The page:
The Washington-based, former BBC News correspondent Adam Brookes , who reported from China for several years, has written an outstanding first novel about a British scheme to steal secrets there. It is a suspenseful, persuasive story that often pictures the so-called intelligence community — as seen in London, Washington and Beijing — as bureaucracies run amok. Brookes also updates President Dwight D. Eisenhower’s 1961 warning about the military-industrial complex with a warning of his own: An emerging espionage-industrial complex is the urgent threat today.
In short, there’s a lot going on in “Night Heron,” and it all starts with an angry Chinese intellectual called Peanut. We meet Peanut — who despite his nickname is a big, powerful man — as he escapes after 20 years in a harsh prison camp in western China. Driven by his hatred of the Chinese government, he makes his way back to Beijing in search of revenge.
We learn that in 1966, when Peanut was a child and the Cultural Revolution engulfed China, Red Guards beat and ridiculed his college-professor father, leaving him a broken man. Nonetheless, the smart and determined Peanut proceeded to college and later joined the Aerospace Institute as a ballistics expert. He was soon recruited by the British Embassy to spy on China’s missile program. But before doing much spying, he joined a pro-democracy protest in Tiananmen Square, was arrested for attacking a soldier and was sent to the prison camp.
Back in Beijing, Peanut offers a British journalist data about a new Chinese missile system. The journalist wants the scoop but fears he’s being set up; he talks to an official at the British Embassy who insists that they must find out whether Peanut — by then a bouncer in a working-class brothel — can deliver the goods.
In fact, Peanut may be able to obtain data about the game-changing missile system, but the theft will be dangerous and time-consuming. At first, only a few people know of the scheme — Peanut himself, the journalist, a British embassy official — but inevitably, others become involved. We get to know spymasters in London and at the CIA and find that almost without exception, the higher they’ve risen, the more clueless they’ve become. We’re rooting for Peanut to succeed but are increasingly fearful that some senior spook, out of incompetence or treachery, will blow the operation sky-high.
All this plays out against a portrait of life in China that feels more like fact than fiction. For example, the graffiti. The government exhorts the masses with posters that proclaim “STABILITY OVERRIDES
EVERYTHING.” In reply, a graffiti artist sprays walls all across Beijing with the image of a menacing figure — variously a dog, a woman, a crow — and beneath it one ominous word: “THREATEN.”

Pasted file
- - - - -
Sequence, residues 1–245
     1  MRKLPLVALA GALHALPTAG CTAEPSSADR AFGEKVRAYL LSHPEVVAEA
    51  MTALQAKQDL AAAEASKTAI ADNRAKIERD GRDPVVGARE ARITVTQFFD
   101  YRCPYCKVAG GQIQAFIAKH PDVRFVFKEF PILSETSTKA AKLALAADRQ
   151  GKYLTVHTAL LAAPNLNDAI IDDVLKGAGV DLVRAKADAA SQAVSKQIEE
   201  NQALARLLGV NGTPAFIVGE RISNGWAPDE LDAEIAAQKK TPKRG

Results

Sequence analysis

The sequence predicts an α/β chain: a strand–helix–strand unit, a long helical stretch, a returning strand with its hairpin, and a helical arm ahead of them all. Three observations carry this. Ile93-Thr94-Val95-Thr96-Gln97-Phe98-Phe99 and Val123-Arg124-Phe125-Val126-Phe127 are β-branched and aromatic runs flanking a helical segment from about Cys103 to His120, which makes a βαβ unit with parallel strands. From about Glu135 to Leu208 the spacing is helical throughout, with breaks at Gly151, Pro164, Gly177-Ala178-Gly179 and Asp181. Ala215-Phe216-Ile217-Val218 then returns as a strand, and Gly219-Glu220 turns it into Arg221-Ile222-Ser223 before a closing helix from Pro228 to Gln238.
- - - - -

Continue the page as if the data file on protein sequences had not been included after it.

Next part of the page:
Brookes describes the “English corners” in Beijing in the 1980s, street corners where students went to practice their English with tourists. Spies at the British Embassy saw this as a fine way to meet young people. That’s how they first met Peanut, whose real name is Li Huasheng; the Brits found that if they mispronounced Huasheng in Chinese, it came out as the word for Peanut. So they gave him that nickname, and, perversely enough, he kept it. For their secret files, they gave their valued spy a more elegant name: Night Heron.
A former British spy recalls “the summer of the yellow dress.” That was in 1987, amid stirrings of reform in China. Female students at Beijing University were still wearing drab clothing, but someone noticed canary-yellow cotton dresses for sale in a market near the campus, dresses that allowed tantalizing glimpses of young flesh. Scandalous! One brave girl bought one, then others followed, until the campus was aglow with girls in summer dresses.
“That yellow dress told us that a whole climate of belief and behavior was giving way to something new,” the spy, a woman, recalls wistfully. Alas, not long after came the cruel and massive crackdown in Tiananmen Square.
Peanut confronts a former colleague, a scientist now living comfortably, who scorns his old friend’s hunger for revenge: “We grew up. The Party grew up. The cadres stopped killing the intellectuals and started listening to us. We rebuilt China. We turned our country into a global power. We did that. You’re fighting an old war, Huasheng.”
Who’s right? The half-crazed man who went to prison or the smug one who played the game? The Chinese poetry that Peanut sometimes quotes provides a sad, timeless counterpoint to the violence and duplicity that are central to this portrait of modern espionage.
This is Brookes’s first novel, and one hopes it won’t be his last. “Night Heron” already places him near the first rank of today’s spy novelists.
Anderson regularly reviews mysteries and thrillers for The Washington Post.
By Adam Brookes
Redhook. 387 pp. $26